https://salvationarmy.ca/blog/the-courage-to-change-2/

Spencer went to college, received a degree in hotel restaurant management and owned a business. On the outside, he was in control. But his reality was that he was deep into substance use. Then, one day, a life-changing event gave him the courage to change.

Spencer had a difficult time figuring out where he belonged; he struggled to identify with the peers in his class. To fit in, he would act out with poor behaviour at home and in school. As a result, he left home in Grade 11, rebelled and started to dabble in drugs and alcohol.

“I was 17,” says Spencer. “As my attachment to drugs got stronger, I spent more time getting high.”

For 20 years, substance use was a priority for Spencer, and he often put his life at risk in order to use.

“They showed me love when I was unlovable.”

Spencer before treatment and recovery

Spencer before treatment and recovery

“I remember overdosing in Regent Park, in Toronto,” says Spencer. “People thought I was dead and dumped my body into an apartment stairwell for someone else to find. I also recall having a gun held to me during a drug deal that had gone bad.”

Spencer tried treatment centres many times, but he couldn’t separate himself from the lifestyle. To get more drugs, he engaged in criminal behaviour that often led to incarceration.

Transformation is Possible

In 2017, while in prison, a life-changing experience altered what mattered to Spencer.

“I participated in Bible study and found Christ,” says Spencer. “I got on my knees, prayed and gave my life over to God.”

In March 2018, Spencer was three months clean when he was accepted into the stabilization program at The Salvation Army’s Booth Centre in Ottawa.

“Against all odds, the court overturned my detention order with the understanding that I would explore options for change at The Salvation Army,” he says.

“Living there, eating and staying clean, kept me alive.”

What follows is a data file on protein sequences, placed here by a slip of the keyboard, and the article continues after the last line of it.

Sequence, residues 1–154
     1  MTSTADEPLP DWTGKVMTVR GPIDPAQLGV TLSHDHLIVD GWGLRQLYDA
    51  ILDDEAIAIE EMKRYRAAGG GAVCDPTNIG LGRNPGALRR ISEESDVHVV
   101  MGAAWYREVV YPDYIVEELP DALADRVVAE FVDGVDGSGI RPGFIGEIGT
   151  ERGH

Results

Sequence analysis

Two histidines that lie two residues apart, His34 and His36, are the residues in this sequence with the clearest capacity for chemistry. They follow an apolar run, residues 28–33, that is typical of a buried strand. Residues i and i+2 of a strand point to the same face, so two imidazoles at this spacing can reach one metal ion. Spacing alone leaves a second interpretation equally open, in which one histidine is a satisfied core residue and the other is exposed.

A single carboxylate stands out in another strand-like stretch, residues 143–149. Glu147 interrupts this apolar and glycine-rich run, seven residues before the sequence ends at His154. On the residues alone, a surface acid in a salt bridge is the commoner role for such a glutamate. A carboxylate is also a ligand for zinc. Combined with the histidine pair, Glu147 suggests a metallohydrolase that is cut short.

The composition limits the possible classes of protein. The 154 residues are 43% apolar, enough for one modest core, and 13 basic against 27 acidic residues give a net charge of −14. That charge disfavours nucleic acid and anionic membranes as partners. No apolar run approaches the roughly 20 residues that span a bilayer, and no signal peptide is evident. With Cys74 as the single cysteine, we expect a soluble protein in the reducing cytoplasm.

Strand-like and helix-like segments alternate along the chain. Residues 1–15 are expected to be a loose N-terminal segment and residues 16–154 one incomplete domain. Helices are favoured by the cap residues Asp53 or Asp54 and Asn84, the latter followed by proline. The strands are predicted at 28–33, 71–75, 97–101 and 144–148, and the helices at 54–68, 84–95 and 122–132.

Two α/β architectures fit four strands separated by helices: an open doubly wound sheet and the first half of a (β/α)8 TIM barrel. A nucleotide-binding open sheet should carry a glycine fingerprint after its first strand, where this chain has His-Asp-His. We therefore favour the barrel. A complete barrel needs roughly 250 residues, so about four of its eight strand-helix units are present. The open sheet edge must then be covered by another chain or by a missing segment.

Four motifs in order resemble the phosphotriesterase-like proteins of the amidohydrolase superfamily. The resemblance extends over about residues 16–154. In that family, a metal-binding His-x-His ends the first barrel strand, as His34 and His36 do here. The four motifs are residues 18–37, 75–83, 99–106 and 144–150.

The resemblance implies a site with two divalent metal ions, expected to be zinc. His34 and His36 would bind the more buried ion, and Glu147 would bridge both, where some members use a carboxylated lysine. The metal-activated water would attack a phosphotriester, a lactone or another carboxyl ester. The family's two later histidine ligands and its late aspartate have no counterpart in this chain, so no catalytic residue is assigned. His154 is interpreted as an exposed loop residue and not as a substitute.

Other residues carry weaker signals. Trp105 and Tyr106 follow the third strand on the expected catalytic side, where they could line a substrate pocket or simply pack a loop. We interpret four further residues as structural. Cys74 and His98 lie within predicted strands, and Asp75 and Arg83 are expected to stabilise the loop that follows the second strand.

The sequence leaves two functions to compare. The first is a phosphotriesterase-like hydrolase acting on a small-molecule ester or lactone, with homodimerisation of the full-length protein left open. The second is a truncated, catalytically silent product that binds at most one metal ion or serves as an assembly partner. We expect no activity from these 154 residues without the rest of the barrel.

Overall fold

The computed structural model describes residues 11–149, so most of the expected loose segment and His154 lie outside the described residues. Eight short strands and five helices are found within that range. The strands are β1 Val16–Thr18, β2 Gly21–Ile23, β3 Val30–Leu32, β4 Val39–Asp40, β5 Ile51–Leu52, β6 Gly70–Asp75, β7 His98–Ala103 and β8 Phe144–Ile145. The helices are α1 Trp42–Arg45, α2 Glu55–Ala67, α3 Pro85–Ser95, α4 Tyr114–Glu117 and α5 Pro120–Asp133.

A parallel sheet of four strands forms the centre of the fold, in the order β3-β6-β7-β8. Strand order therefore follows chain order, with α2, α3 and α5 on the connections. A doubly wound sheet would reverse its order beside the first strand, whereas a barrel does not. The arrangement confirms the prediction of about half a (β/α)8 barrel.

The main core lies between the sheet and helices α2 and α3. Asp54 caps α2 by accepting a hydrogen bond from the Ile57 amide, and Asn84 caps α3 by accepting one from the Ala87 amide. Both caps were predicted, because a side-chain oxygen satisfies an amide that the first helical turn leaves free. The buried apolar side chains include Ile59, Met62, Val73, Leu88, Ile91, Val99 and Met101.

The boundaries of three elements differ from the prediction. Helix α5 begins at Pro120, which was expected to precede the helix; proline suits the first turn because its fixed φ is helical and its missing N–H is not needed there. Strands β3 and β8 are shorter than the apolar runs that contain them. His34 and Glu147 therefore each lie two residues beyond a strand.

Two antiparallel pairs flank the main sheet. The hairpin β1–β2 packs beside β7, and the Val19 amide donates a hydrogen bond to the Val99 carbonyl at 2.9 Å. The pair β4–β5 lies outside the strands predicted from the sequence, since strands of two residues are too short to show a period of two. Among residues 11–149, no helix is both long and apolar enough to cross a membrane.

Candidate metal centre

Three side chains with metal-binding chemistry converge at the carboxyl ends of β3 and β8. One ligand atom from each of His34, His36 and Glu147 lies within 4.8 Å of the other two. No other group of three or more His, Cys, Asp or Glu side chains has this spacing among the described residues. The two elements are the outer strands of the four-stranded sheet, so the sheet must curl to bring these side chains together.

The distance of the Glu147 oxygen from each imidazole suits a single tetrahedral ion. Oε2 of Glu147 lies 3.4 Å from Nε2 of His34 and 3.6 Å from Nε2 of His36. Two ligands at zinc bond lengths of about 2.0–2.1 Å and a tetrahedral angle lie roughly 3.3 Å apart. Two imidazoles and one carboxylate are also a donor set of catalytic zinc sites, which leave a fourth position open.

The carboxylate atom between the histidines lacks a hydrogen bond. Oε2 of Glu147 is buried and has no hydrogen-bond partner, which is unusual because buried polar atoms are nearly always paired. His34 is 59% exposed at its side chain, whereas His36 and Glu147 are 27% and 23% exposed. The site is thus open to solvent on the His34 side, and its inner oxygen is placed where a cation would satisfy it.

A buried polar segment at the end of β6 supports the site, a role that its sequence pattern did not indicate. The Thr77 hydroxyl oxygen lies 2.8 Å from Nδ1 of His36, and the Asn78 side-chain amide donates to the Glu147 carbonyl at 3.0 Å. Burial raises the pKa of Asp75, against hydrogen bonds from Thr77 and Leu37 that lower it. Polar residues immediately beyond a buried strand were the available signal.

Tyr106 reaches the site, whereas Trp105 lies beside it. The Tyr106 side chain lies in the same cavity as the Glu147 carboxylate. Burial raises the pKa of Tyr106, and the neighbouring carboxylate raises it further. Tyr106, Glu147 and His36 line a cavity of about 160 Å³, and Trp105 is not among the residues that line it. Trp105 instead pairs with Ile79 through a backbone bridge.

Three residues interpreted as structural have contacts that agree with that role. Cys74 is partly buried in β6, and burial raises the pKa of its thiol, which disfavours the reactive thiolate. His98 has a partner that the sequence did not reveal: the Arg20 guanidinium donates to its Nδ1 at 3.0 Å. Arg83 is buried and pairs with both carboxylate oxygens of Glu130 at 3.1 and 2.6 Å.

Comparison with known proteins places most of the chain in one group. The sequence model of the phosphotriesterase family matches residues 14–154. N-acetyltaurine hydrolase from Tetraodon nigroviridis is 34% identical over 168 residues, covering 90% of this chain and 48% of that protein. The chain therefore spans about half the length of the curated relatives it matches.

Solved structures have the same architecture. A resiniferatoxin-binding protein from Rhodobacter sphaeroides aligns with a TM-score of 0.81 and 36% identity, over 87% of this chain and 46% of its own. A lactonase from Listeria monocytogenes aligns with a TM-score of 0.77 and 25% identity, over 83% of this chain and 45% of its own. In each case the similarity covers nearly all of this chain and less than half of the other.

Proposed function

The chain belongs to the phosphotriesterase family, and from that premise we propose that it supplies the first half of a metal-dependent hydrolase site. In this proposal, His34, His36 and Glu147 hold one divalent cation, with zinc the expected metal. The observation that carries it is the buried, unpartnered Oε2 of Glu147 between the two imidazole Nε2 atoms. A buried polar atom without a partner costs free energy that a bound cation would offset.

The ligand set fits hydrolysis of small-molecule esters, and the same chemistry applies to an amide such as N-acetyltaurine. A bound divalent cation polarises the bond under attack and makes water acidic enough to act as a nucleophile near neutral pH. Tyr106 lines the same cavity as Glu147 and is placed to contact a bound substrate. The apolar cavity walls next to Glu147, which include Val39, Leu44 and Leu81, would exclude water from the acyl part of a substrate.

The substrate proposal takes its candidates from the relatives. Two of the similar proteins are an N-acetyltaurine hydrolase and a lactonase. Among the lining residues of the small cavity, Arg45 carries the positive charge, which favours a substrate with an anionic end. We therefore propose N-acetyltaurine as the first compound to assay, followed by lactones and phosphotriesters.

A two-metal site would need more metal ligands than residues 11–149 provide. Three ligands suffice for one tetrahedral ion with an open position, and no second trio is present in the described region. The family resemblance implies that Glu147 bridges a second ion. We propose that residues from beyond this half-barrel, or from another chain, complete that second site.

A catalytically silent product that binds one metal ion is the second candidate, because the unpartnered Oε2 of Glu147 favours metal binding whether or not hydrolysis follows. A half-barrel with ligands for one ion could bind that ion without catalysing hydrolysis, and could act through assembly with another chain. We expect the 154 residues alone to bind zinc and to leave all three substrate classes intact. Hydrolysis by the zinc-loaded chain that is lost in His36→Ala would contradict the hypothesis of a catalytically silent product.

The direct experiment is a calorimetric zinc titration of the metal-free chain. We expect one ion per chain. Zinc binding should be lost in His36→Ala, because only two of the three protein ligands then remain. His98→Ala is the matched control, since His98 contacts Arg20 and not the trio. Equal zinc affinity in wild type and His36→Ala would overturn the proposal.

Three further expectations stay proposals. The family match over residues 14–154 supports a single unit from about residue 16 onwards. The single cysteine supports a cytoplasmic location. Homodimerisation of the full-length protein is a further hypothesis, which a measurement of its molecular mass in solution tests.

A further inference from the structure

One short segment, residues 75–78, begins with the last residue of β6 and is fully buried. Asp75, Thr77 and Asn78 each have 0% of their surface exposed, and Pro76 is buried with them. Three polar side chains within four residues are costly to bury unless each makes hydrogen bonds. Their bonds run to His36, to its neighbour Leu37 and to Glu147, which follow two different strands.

Stabilization is an abstinence-based residential program for men. It provides a safe and supportive environment that encourages clients to pursue goals that are meaningful to them.

“The Salvation Army provided me with guidance and direction as to my next steps,” says Spencer. “Living there, eating and staying clean, kept me alive.”

Spencer eventually moved on, worked part-time, lived in a small basement apartment and attended college.

Life Today

Spencer (fourth from left) becomes a member of The Salvation Army

Spencer (fourth from left) becomes a member of The Salvation Army

Today, Spencer  is the spiritual formations coach, who assists and implements spiritual growth plans, and facilities supervisor at Teen Challenge Canada working with adult, at-risk men who suffer from life-threatening addictions. In April 2018, he became an adherent member of The Salvation Army at the Gladstone church, and in April 2022 he became a soldier at The Salvation Army Barrhaven church.

“My desire is to continue being useful and help my community.”

“It feels so good to be a part of The Salvation Army family,” says Spencer. “They showed me love when I was unlovable. This had a profound impact on my life.”

Spencer is passionate about sharing his faith and influencing the lives of people who suffer from substance-use disorders.

“My desire is to continue being useful and help my community,” says Spencer. “Sometimes that just means planting a seed.”

By Linda Leigh